By Zach Schalk
November 3, 2010 3:02 PM
Two years into the Obama administration has produced few if any successes for the interests of juvenile justice. As discussed previously on this blog the Juvenile Justice and Delinquency Prevention Act (JJDPA) remains overdue for reauthorization, the Federal government is cutting programs for juvenile justice in the President’s proposed budget and the Office of Juvenile Justice and Delinquency Prevention still lacks a chief administrator. States facing profound budget woes of their own have also made cuts to the juvenile justice system—though in many cases closing unused state wide facilities in favor of community based alternatives have been a positive step both monetarily and policy wise.
While tax payer funded juvenile justice programs may be shrinking, private organizations have stepped up to fill the void. The Indiana Juvenile Justice Task Force is one of these organizations striving to make a difference. The non-profit corporation offers family support services, an in-home diversionary treatment and alternative for youths facing out of home placement, mentoring for kids who have returned home from juvie and programs to bolster job training and business skills in young people. While its programs obviously lack the sheer resources available to the State, they have proven to be effective. A 2004 study found that less than 25 percent of the kids who participated in the Task Force’s mentoring program returned to lock up within three years, compared to over 60 percent of those who did not participate in the program.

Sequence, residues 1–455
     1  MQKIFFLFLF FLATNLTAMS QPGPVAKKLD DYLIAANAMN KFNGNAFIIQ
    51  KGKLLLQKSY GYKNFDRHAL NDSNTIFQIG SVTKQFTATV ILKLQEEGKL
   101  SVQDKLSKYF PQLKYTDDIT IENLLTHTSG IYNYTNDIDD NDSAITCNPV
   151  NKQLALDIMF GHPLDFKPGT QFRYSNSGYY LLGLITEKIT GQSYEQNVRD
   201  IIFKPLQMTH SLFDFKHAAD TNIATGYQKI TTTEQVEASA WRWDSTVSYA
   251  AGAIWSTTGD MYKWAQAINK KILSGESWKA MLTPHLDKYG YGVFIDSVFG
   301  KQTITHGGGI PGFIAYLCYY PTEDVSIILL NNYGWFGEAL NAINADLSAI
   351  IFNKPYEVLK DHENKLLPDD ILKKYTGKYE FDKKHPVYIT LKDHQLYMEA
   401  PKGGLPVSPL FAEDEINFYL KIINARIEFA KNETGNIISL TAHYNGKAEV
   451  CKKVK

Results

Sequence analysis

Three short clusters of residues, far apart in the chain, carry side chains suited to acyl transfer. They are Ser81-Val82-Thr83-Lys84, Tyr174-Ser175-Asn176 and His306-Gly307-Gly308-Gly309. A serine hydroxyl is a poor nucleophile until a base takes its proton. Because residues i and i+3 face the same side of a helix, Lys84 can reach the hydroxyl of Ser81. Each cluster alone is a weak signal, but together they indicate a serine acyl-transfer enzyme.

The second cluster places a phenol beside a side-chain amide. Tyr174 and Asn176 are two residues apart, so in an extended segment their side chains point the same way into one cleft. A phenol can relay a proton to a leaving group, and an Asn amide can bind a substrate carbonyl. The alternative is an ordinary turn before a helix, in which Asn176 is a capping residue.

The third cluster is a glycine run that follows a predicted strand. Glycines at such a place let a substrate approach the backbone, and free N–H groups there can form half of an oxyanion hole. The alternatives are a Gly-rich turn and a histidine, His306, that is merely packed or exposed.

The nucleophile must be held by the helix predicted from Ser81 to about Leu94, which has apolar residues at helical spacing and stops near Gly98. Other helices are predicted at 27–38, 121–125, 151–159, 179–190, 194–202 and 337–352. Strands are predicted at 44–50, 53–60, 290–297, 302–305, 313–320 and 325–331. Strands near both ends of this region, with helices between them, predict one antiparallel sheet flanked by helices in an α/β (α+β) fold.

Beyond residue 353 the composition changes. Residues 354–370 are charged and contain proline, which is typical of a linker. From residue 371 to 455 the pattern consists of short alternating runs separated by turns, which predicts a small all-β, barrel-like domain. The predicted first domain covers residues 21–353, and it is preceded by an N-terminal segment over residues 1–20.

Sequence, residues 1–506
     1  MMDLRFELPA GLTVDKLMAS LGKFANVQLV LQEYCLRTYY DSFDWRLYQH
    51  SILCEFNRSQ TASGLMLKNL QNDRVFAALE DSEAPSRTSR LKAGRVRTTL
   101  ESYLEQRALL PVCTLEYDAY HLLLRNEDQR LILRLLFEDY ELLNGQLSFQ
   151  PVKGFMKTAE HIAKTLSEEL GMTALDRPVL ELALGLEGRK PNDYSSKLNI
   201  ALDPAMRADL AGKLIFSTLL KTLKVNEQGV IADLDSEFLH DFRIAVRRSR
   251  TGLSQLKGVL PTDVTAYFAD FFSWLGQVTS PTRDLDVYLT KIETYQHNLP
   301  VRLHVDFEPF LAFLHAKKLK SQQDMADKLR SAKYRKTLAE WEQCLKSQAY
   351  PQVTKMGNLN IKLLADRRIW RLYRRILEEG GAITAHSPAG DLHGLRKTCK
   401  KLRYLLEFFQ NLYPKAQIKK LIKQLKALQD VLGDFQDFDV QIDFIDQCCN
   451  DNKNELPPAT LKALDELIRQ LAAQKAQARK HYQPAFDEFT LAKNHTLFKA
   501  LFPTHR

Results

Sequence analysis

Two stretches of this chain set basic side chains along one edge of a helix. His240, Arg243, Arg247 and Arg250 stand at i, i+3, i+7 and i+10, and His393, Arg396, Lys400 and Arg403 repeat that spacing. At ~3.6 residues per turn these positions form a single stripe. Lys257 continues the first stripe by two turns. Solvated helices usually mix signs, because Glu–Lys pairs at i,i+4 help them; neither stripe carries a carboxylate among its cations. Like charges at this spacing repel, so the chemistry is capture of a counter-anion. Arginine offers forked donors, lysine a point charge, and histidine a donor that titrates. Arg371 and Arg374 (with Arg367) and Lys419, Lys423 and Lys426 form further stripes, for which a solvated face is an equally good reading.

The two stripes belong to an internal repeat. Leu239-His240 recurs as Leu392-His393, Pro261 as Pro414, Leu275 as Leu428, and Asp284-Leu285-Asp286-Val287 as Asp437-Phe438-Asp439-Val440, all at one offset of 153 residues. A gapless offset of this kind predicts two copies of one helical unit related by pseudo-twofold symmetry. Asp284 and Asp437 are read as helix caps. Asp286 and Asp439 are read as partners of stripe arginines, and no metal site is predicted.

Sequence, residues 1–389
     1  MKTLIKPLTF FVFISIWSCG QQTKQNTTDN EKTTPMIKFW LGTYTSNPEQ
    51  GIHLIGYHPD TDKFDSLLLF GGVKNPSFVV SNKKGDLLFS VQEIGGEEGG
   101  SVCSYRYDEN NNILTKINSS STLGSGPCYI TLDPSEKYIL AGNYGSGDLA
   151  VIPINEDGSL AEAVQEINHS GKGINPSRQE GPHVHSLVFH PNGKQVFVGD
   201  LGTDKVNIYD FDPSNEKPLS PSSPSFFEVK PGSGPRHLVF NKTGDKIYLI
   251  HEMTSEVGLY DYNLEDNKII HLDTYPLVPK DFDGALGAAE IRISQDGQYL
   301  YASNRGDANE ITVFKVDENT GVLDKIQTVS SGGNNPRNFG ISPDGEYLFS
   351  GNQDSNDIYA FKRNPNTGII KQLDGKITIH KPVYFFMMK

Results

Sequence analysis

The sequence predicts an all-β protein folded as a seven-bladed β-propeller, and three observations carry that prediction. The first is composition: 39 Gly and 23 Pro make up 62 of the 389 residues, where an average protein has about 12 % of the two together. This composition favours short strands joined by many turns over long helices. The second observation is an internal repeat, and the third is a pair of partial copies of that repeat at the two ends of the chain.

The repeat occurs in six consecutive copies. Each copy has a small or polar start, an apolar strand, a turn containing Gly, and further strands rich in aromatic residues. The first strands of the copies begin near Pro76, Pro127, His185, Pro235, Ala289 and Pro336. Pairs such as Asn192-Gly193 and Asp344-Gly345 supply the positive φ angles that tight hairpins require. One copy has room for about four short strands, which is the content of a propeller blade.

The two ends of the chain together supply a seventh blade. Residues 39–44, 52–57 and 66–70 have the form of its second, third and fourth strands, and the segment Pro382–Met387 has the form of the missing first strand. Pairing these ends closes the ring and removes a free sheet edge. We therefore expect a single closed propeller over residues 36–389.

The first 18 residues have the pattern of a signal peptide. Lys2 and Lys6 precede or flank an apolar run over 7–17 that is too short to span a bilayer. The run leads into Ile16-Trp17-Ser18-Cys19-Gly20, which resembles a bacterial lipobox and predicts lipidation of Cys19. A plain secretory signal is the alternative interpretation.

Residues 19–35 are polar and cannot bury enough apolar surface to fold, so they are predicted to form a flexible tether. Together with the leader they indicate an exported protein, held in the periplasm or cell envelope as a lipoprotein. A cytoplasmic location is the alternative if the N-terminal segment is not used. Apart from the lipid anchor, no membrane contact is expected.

A recent study from UCLA confirmed the obvious: more often than not, kids released from juvenile lock up return to neighborhoods with high levels of per-capita violence and poverty, coupled with low levels of education and poor access to health services. The study paints a clear picture of the trap our society has developed which leads individuals in and out of lockup from youth through adulthood. With governments facing a tough time ahead, it’s even more important that groups like the Indiana Juvenile Justice Task Force continue to promote the well being of the kids that have been stuck in our corrections system. In order to make up for losses in government services, it’s more important than ever that communities take responsibility for their own positive changes.